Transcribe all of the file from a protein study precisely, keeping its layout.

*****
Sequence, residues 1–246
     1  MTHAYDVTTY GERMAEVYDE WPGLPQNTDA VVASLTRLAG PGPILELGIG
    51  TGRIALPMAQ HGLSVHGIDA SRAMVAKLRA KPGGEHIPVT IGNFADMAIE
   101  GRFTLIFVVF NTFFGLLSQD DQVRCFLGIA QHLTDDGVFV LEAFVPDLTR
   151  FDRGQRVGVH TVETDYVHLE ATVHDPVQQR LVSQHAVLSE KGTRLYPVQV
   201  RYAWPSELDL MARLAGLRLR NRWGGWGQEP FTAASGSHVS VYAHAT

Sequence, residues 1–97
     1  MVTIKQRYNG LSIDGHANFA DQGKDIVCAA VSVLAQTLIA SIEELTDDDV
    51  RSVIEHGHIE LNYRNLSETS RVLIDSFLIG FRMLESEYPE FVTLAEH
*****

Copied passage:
Sequence, residues 1–246
     1  MTHAYDVTTY GERMAEVYDE WPGLPQNTDA VVASLTRLAG PGPILELGIG
    51  TGRIALPMAQ HGLSVHGIDA SRAMVAKLRA KPGGEHIPVT IGNFADMAIE
   101  GRFTLIFVVF NTFFGLLSQD DQVRCFLGIA QHLTDDGVFV LEAFVPDLTR
   151  FDRGQRVGVH TVETDYVHLE ATVHDPVQQR LVSQHAVLSE KGTRLYPVQV
   201  RYAWPSELDL MARLAGLRLR NRWGGWGQEP FTAASGSHVS VYAHAT

Sequence, residues 1–97
     1  MVTIKQRYNG LSIDGHANFA DQGKDIVCAA VSVLAQTLIA SIEELTDDDV
    51  RSVIEHGHIE LNYRNLSETS RVLIDSFLIG FRMLESEYPE FVTLAEH